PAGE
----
Study finds link in abuse, abortion
Abortion-seeking women are more likely to have experienced partner violence than the general population, according to a recent study by University of Iowa professors and Planned Parenthood of the Heartland.
The study, published in the American Journal of Public Health, was based on a series of private screenings of 986 women seeking abortions at Planned Parenthood on issues of physical and sexual abuse, as well as battering. Researchers completed the study over a period of 81⁄2 months; all the participants were Iowa residents.
Researchers found nearly 14 percent of the women who sought abortions had experienced domestic violence from a partner in the previous 12 months. And 74 percent of those women said they had been abused by a former partner rather than their current partner.
Anne Wallis, a co-author and a UI assistant professor of epidemiology, said this is a meaningful discovery — from one of the largest samples of women from an abortion clinic ever studied.
“There is a myth in our society that abused women are at fault and don’t leave their relationships,” Wallis said. “Our research shows that this myth isn’t true and that a lot of women do leave abusive relationships.”
Studies such as this can help portray abused women in a more positive and empowered light, said Penny Dickey, a study author and Planned Parenthood’s chief operating officer.
She said Planned Parenthood has done brief general screenings of its patients for about the last 10 years, and it will continue to “in an effort to figure out how to provide help for patients who are suffering, so that they know where to go and from whom to seek help.”
But unfortunately, successfully leaving an abusive relationship does not ensure a woman’s safety.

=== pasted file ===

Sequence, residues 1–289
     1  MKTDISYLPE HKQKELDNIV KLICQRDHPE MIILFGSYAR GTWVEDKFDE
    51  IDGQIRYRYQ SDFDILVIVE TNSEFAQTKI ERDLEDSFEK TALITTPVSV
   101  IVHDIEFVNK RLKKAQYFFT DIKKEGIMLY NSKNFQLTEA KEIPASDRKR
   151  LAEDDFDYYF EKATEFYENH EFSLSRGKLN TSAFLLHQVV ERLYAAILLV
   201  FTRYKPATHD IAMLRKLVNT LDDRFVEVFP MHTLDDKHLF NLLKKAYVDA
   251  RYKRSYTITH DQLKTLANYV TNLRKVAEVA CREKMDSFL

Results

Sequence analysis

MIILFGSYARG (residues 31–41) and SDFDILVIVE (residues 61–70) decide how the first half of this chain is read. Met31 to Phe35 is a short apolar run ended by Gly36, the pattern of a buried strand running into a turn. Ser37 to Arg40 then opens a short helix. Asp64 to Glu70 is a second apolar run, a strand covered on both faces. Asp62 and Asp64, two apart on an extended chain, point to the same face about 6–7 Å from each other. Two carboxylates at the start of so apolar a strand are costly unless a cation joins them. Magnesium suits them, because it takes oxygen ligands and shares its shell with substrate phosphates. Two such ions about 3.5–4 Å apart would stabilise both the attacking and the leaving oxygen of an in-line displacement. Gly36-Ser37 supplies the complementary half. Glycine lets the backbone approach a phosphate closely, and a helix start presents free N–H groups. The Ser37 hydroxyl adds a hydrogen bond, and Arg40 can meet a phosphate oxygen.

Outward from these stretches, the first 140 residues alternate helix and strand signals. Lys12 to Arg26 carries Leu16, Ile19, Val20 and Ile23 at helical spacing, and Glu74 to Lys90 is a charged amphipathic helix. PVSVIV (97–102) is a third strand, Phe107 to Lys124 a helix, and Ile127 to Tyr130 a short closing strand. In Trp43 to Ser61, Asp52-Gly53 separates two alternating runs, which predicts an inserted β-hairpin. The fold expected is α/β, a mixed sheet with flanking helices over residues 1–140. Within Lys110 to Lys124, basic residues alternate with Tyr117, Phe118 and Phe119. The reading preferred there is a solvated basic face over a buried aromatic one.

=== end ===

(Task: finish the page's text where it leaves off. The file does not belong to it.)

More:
“The partners they leave may still be abusing them, by stalking or in other ways,” Wallis said.
Twenty-five percent of the women in the study had no current partner, and these women had the highest levels of physical and sexual abuse.
UI Professor Audrey Saftlas, lead author of the study, said leaving a relationship is a risky time, and a potentially or already abusive relationship can become much more violent.
In fact, Wallis said, one reason a woman may seek an abortion after leaving an abusive relationship could be for fear of her former partner harming the child, especially if the former partner is the biological father of the child.
This was the first study to comprehensively evaluate battering and examine the frequency and severity of physical violence among abortion clients.
The research team will do follow-up studies exclusively for women who have already had children, because of the elevated risks they face.
But most importantly, the study is able to reveal the struggles of real women, and clear up common misperceptions — for instance, the presumption that women generally refuse to talk about the domestic abuse they suffer, Dickey said.
“Women need to be asked before opening up,” she said. “If you ask them, they will tell you.”
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